After The Flood
After the Flood is the latest book in award-winning WA crime writer David Warner’s series about Dan Clement, now Detective Inspector, as he oversees police operations in the remote WA town of Broome and its vast outback surrounds.
While Clement knows from long professional experience that there’s always a dark undercurrent to daily life, he’s getting bored with run-of-the-mill crime, failed forays into romance and the growing pains of his colleagues’ kids.
Then a horrifying murder is discovered on a remote cattle station – one that puts Clement’s long list of previous grisly investigations in the shade. A man has been found crucified on a remote stretch of road, an act so brutal and shocking that the usual suspects barely factor.
Suddenly, the routine crimes Clement has recently been looking into – the theft of explosives from a mine, protestors picketing an abattoir, a clinic break-in with potential ties to anti-vaxxers – become threads that start twisting into a fast-burning fuse and what threatens to be an explosive finish.
About the author
Dave Warner is an author, musician and screenwriter. His first novel, City of Light, won the Western Australian Premier’s Book Award for Fiction, and Before it Breaks (2015) the Ned Kelly Award for best Australian crime fiction. His novel Clear to the Horizon features the lead characters from both those books. His most recent crime novels are River of Salt and Over My Dead Body. Dave Warner first came to national prominence with his gold album Mug’s Game, and his band Dave Warner’s from the Suburbs. In 2017 he released his 10th album, When. He has been named a Western Australian State Living Treasure and has been inducted into the WAMi Rock’n’Roll of Renown.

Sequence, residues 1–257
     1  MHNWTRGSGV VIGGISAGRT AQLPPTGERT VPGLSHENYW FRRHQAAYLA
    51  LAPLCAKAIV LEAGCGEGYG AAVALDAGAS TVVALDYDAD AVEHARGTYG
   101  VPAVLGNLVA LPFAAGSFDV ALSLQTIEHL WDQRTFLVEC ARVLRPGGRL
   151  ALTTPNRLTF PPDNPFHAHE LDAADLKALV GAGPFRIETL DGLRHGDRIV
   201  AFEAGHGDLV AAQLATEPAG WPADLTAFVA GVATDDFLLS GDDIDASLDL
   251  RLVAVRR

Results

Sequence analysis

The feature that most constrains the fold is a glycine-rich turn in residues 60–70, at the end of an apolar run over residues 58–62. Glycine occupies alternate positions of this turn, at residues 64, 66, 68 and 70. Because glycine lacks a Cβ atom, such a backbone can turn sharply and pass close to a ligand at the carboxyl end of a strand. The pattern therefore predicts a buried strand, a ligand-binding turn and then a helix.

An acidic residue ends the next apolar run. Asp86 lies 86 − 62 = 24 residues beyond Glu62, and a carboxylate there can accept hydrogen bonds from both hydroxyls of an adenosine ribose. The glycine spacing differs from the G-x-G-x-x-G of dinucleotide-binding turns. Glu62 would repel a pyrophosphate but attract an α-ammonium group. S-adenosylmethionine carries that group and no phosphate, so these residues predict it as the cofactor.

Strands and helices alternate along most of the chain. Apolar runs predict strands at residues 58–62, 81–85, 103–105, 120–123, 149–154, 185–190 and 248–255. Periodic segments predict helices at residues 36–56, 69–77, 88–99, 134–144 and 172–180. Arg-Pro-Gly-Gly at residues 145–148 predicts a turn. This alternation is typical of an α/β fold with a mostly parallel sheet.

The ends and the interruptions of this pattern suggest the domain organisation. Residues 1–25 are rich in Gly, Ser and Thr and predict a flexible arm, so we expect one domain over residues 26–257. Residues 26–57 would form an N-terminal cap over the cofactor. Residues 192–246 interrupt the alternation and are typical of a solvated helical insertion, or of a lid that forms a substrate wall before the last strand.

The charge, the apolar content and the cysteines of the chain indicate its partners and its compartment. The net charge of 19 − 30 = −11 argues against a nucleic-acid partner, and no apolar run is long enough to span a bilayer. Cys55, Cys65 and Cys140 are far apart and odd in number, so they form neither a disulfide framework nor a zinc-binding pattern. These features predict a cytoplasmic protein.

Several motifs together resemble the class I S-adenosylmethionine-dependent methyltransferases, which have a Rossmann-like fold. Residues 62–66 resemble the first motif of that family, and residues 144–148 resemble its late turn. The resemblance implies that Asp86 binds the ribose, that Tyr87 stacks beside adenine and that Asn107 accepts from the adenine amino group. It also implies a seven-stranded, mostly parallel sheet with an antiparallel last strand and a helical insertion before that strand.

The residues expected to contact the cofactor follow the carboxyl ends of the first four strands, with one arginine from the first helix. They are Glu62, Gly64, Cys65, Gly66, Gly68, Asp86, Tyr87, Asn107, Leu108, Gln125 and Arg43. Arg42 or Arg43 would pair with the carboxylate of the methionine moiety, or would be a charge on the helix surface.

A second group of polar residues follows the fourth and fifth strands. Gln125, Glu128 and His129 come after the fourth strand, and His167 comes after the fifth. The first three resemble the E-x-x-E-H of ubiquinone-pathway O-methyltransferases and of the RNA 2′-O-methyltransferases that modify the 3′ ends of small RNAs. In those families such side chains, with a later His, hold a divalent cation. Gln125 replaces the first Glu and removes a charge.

Questions for discussion
- After The Flood starts with a flood at a mine site. How does this incident affect the antagonist’s moral compass?
- DI Dan Clement is a veteran investigator. What drives him to seek the truth, seemingly no matter the cost?
- What role does the landscape play in After the Flood, particularly the remote outback, where space to hide in – and get lost in – is so readily available?
- Warner uses DI Clement as the protagonist but supports his adventure with a well-rounded cast of supporting characters. What effect does this ensemble-like approach have on the story?
- DI Clement is a recurring character for Warner. If you have read previous stories with this character (City of Light, Before it Breaks etc), how has Clement evolved – or even regressed?
- Warner’s language is a mix of vernacular, police procedural, poetic lyricism and wry humour. How did this help shape the story and its impact on you as a reader?
- The central crime of the crucified man is confronting. What effect did this crime have on you, and what tone did it set for Clement’s investigation, and subsequent confrontation, with the forces behind it?
- For such a large place, the outback is also small, in the sense that people tend to know each other, and the usual tracks are well-worn. How does Warner use this to the story’s advantage, balancing intimidating vastness with suffocating locality?
- After the Flood begins with a flood, then settles into a police procedural, then quickens to a thriller. Did you enjoy the ride? The changes in pace throughout?
If you liked this book, you may also like…
City of Light by David Warner (Fremantle Press)
Before it Breaks by David Warner (Fremantle Press)
Clear to the Horizon by David Warner (Fremantle Press)
The River Mouth by Karen Herbert (Fremantle Press)
How to Shame the Devil by Ros Thomas (Night Parrot Press)
Crocodile Tears by Alan Carter (Fremantle Press)
Fromage by Sally Scott (Fremantle Press)
Private Prosecution by Lisa Ellery (Fremantle Press)
Shore Leave by David Whish-Wilson (Fremantle Press)